Microcystins – leads for anticancer drugs

In one of my first blog posts I have shortly discussed that the hepatotoxic microcystins, cyclic peptides from cyanobacteria, are currently studied for their potential as leads for anticancer drugs. I also mentioned a poster we presented at the ICNPR 2012 in New York.

Recently, the paper covering our work in this field has been published in PLOS ONE. It describes the cytotoxic potency and the OATP1B1/1B3 transporter selectivity of 23 naturally occurring microcystin congeners. Microcystin variants with cytotoxic OATP1B1/OATP1B3 IC50 ratios that ranged between 0.2 and 32 were found, representing a 150-fold range in transporter selectivity. We found that microcystin structure has a significant impact on transporter selectivity, and thus it should potentially be possible to develop analogs with even more pronounced OATP1B3 selectivity and thus enable their development as anticancer drugs (some cancer types express OATP1B3 and could thus be targeted; for more information see the paper…).

For the figure depicting the chemical structure of microcystins / nodularins I have compiled a list of all congeners described in the literature to date. The data are available at figshare. If you are interested in microcystins you should definitely take a look at this list.

Interestingly, some weeks ago I met a synthetic chemist at a conference who works on a microcystin synthesis, and we started talking about a collaboration. This will be a great opportunity to further explore the chemical space around the microcystins, hopefully leading to derivatives with higher selectivity, potency and better pharmacokinetic properties…

New position / Blog hiatus is over (hopefully…)

Wow, is it really more than half a year since my last post? So much has happened in this time…

The reason for this long silence has been that I have been absolutely busy. I did really like my position as Head of Natural Product R&D at Cyano Biotech, but when I saw the open position for an Assistant Professor for antiinfective natural product research at the University of Tuebingen in May last year, I could not resist but applied for this position. Already in June I had the opportunity to present myself, and I had a lot of work preparing the presentation I gave and also preparing for the talks afterwards. Already in August I received word that the comission has chosen me for the position, and they wanted me to start as soon as possible – which in the end was November. In these few months I had to arrange everything at my old job, had to organize new equipment for the lab in Tuebingen, had to write a first grant application (deadline was even before I took up work at university…), had to find a place to live in, and so on. No time to blog…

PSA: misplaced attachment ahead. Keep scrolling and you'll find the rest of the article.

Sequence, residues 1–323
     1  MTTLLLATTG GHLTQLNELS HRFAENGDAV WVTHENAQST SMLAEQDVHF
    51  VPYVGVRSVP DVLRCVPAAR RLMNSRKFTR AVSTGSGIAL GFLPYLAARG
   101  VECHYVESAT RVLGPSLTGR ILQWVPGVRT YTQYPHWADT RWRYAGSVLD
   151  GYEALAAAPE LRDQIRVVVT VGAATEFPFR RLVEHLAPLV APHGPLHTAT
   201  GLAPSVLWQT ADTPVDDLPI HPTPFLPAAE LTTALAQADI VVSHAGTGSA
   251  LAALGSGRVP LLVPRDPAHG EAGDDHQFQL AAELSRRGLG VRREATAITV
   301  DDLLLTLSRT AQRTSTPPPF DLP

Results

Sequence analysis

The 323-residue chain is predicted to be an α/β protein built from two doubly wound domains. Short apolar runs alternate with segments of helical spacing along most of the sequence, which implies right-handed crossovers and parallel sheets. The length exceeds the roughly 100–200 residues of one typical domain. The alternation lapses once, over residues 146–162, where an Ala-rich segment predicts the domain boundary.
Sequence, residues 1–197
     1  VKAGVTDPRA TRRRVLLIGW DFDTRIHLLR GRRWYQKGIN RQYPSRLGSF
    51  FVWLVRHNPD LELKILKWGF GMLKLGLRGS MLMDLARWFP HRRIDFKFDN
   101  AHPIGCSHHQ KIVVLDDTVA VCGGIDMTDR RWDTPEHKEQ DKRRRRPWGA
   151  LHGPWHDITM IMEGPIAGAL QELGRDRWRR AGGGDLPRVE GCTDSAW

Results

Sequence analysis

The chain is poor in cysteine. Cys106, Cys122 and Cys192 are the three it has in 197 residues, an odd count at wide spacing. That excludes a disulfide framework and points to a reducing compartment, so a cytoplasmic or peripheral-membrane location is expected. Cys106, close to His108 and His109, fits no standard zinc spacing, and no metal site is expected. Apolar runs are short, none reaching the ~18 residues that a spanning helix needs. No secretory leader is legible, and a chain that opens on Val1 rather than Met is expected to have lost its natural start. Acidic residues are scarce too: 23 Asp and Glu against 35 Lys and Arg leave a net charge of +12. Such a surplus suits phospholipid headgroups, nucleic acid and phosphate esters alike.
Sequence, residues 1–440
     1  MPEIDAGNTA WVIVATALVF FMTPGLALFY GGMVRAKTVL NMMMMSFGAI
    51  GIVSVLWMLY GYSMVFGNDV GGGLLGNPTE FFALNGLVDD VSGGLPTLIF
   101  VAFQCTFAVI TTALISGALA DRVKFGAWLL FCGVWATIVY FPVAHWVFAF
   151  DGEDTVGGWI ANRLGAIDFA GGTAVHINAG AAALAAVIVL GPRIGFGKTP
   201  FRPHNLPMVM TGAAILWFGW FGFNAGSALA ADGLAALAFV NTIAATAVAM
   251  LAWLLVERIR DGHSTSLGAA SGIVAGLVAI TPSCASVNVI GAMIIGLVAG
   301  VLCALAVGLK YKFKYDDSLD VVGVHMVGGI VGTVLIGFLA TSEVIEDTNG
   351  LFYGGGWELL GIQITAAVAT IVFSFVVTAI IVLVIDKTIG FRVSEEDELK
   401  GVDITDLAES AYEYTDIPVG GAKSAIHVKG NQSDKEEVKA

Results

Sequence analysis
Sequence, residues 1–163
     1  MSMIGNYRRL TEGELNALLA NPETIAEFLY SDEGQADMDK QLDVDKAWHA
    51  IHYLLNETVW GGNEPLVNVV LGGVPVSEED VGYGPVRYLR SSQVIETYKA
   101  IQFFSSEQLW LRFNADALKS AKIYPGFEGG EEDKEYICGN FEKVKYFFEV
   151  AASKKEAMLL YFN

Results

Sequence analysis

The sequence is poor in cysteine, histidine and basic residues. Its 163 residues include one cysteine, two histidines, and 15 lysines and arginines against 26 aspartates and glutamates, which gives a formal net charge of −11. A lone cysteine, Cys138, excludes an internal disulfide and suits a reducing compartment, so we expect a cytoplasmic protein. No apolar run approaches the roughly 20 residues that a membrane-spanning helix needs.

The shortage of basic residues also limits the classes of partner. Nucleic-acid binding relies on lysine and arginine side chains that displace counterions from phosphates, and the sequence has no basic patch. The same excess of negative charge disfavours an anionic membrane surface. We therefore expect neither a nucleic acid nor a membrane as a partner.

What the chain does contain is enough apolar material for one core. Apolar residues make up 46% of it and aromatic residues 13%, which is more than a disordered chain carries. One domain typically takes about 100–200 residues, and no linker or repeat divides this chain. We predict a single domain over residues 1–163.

Now I have settled down a bit (still have to write some additional grant applications with close deadlines, though…) and will resume blogging now and then, although there is still a lot of work – but I really do enjoy my new tasks.

My new position is part of the German Centre for Infection Research (DZIF), and from now on I will focus on antiinfective natural products. From my predecessors I have “inherited” a well equipped natural product chemistry lab, a nice actinomycete strain collection, and a library of about 400 natural products mainly isolated from actinomycetes. To this I will add my expertise with cyanobacteria and fungi, making it a nice mix of organisms to be studied. Let us see what we can do to battle multiresistant bacteria, evil viruses, and neglected infectous deseases… ;-)

My latest paper and why I am somewhat proud of it

These days my latest paper has been published.

To say it most frankly: This is not big science. The paper reports the isolation and structure elucidation of two compounds from a fungus, and neither is the core structure of these compounds novel nor do they have some remarkable bioactivity. It will be only interesting for a few scientists working in the field, and nobody would have missed the results had I not published them.

But still – I am somewhat proud of this paper for three reasons:

  • I have published this work in an Open Access journal dedicated to Natural Product Research (I have discussed this journal before). I am both a Natural Product and an Open Access freak, so the combination of these two fields is brilliant.
  • The data for this publication comes from my time as a PhD student – they slept on my hard disc for nine long years. No data deserve to be in prison for so long, so I just needed to set them free!
  • I have deposited the complete MS and NMR data in an open repository (figshare), so that everyone interested can download the data and have a look at the raw NMR spectra.

Especially the last point is most important for me. How often have I been frustrated because the NMR spectra shown in the Supporting Information have been only of little help, printed on one page as they are? And to come back to this recent paper: I contacted the authors of a paper discussing similar compounds and asked them for a spectrum to compare with my own spectrum – and the answer I received was “Actually it is a great honor for us to attract your attention in our work. Actually me, as i am the first author of the article, i did not find the charts as i am no longer in Japan now, that paper was during my PhD in Japan, now i returned back home but unfortunatelly i could not find it with my documents here.” What kind of science scrutiny is this?! Had they uploaded their data somewhere…